Opening at Skoto Gallery, 529 West 20th Street, 5FL., New York, NY 10011April 12 at 6:00pm until May 12 at 8:00pm
|Oba Ovonramwen of Benin, Nigeria (1888-1914), 2011, reclaimed plastic, metal and wood, 84x66x66 inches.|
Osaretin Ighile’s recent sculpture employs strategies that grasp notions of artworks as conceptual totalities, multivalent narratives crafted from a variety of approaches, not just single images that express big ideas about humanity. His work is informed by a sophisticated discourse on traditional philosophical concepts, a deep understanding of the aesthetic and cultural character of the African continent as well as an invigorating inclination and facility with various materials and methods. By inventively handling his material within a formalist sculptural framework, combined with a highly developed experimental approach to making art, he creates work that is unorthodox, persistently innovative, and ignores boundaries between different cultural heritages and socially constructed constraints.
Osaretin Ighile was born 1965 in Benin City, Nigeria. He studied sculpture, painting and performance at Auchi Polytechnic, Auchi (1987), and at the University of Benin (1990), in Nigeria before leaving for the US in early 1990s. He obtained his MFA (Sculpture) at Queens College, New York in 2011. Exhibitions include Treasure House, Lagos, 1986; The Burden of an Era, NYC, 2005, Dakar Biennial, Dakar, Senegal, 2008; Africa Now, World Bank, Washington DC, 2009. He is in several private and public collections in the US and abroad including Blachere Foundation, Apt, France, Treasure House, Lagos; French Embassy, Lagos, Nigeria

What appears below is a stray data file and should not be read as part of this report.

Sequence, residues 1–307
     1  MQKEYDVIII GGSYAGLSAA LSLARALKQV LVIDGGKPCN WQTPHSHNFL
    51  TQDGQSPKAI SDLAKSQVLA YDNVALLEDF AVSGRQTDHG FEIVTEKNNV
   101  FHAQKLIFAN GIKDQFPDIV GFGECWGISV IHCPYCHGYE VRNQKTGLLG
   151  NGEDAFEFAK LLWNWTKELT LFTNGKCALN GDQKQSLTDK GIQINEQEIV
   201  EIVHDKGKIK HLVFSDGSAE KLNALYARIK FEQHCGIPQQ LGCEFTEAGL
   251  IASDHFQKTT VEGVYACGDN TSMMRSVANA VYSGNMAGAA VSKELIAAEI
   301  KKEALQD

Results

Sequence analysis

In this exhibition, the artist revisits the history of the ancient Benin Kingdom in Nigeria with an emotionally charged sculptural installation titled Oba Ovonramwen, 2011- the valiant Oba whose resistance to British imperialism led to his death in exile in 1914, the looting of his capital and the destruction of the Benin kingdom that had been in existence since the 13th Century. Upon their advent in London after the infamous British Expedition in 1897, Benin’s royal arts were a topic of conversation and speculation. They sparked immediate interest from major museums and collectors across Europe and the US. Today, Benin bronzes are among the most exquisite and coveted in world's history and the kingdom of Benin remains famous for its sophistication in social engineering and organization.
Osaretin Ighile’s uses mundane materials such as burnt wood, cut-up plastic crates and metal to create work that is evocative of the pomp, pageantry and historical myths surrounding the deposed ruler. He is among a generation of artists who no longer view colonialism as a constant source of trauma, drawing on a profound understanding of his culture, his openness to the world and to diversity, as he re-works art historical tropes for a complex investigation of the mutable meaning of artistic border in a global world. By linking past and present in a visually cohesive context that simultaneously preserve an overall fluency, beauty and humor he encourages us to explore possibilities of how to understand the world, how to contemplate the world and how to express the world. His work has benefited from a growing international awareness of contemporary African art that has advanced so dramatically in recent years, exposing him to greater possibilities for new aesthetic thinking. What often seeps through his work is a playfulness that comes out of the originality of his artistic strategies.